By Tom Ozimek
No progress has been made on a 24-hour ceasefire in Ukraine, much less on an end to the war, according to the country’s foreign minister Dmytro Kuleba, who discussed the matter with his Russian counterpart Sergei Lavrov in Turkey on Thursday.
“We also raised the issue of a 24-hour ceasefire to resolve the most pressing humanitarian issues. We did not make progress on this, since it seems that there are other decision-makers for this matter in Russia,” Kuleba told reporters at a press conference in the Mediterranean city of Antalya.
Discussions between the two foreign ministers were held on the sidelines of a diplomatic summit. They’re the first high-level talks since Russian President Vladimir Putin ordered a large-scale invasion of Ukraine, which he calls a “special military operation” to disarm the country’s military and dislodge leaders whom he calls “neo-Nazis.”
Kuleba said he’s ready to continue talks, including in a trilateral format with the participation of Turkey’s foreign minister. He insisted, however, that Ukraine would not surrender.
“We are ready for diplomacy, we are looking for diplomatic solutions, but as long as there are none, we will selflessly, sacrificing ourselves, defend our land, our people from Russian aggression,” Kuleba said.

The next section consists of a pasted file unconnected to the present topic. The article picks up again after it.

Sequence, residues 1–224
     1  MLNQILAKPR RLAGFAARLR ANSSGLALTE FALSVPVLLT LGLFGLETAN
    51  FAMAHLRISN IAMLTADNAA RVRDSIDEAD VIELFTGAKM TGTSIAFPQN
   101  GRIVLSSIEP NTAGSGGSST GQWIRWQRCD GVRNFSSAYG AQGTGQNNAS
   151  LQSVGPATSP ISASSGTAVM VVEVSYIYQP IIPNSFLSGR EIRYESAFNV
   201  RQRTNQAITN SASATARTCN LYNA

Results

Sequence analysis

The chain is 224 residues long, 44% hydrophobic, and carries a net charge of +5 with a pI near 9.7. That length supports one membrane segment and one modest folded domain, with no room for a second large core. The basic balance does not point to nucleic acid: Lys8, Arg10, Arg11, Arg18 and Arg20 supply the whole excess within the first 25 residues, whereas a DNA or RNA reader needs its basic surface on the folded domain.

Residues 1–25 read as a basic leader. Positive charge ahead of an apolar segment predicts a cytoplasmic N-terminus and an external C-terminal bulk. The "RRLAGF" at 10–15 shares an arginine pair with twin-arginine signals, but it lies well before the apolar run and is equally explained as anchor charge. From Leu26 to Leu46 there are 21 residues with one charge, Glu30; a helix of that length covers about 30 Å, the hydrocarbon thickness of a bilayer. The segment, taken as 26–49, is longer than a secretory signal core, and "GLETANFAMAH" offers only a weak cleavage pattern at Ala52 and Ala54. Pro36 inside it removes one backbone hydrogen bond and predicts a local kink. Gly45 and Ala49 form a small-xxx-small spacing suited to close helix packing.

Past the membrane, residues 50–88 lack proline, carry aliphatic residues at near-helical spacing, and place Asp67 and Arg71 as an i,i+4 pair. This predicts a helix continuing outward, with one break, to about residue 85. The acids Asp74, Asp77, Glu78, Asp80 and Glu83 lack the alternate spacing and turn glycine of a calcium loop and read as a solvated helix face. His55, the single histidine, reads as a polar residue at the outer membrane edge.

Moscow’s conditions for ending hostilities include the demand for Ukrainian forces to lay down their arms and for the country to pledge never to join NATO.
Turkey, a NATO member, has cultivated close ties with both Russia and Ukraine. It has positioned itself as a neutral party that’s trying to facilitate talks between the warring sides.
Kuleba told reporters after the meeting that the most critical situation was in the southern port of Mariupol but that Lavrov did not commit to a humanitarian corridor there.
“Unfortunately, Minister Lavrov was not in a position to commit himself to it, but he will correspond with respective authorities on this issue,” Kuleba said.
Lavrov, speaking at a separate press conference after the meeting, claimed Russia hadn’t invaded Ukraine but was carrying out a “special military operation” meant, at least in part, to protect people with Russian roots living there.
“We want a Ukraine that’s friendly and demilitarized, a Ukraine in which there isn’t a risk of the creation of another Nazi state, a Ukraine where there won’t be a ban on the Russian language, on Russian culture,” Lavrov said.
Asked by reporters whether Russia was planning to attack other countries, Lavrov replied, “We are not planning to attack other countries, and we did not attack Ukraine either, we were just dealing with the issues there.”
The war in Ukraine has driven over 2.3 million people from their homes, according to the latest U.N. tally, a situation that NATO Secretary General Jens Stoltenberg recently described as “Europe’s fastest-growing refugee crisis since the Second World War.”
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